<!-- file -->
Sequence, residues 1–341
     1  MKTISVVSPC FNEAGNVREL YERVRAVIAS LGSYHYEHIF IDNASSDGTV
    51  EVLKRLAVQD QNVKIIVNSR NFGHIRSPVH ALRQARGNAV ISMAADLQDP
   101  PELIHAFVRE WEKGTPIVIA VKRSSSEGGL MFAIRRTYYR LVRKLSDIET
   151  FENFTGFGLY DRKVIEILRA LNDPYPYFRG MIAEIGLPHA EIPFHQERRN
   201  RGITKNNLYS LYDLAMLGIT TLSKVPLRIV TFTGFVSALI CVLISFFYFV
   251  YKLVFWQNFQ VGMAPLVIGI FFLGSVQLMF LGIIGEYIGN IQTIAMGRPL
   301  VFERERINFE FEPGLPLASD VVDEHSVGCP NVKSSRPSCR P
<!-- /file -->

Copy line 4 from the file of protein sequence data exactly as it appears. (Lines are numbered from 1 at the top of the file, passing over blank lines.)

   101  PELIHAFVRE WEKGTPIVIA VKRSSSEGGL MFAIRRTYYR LVRKLSDIET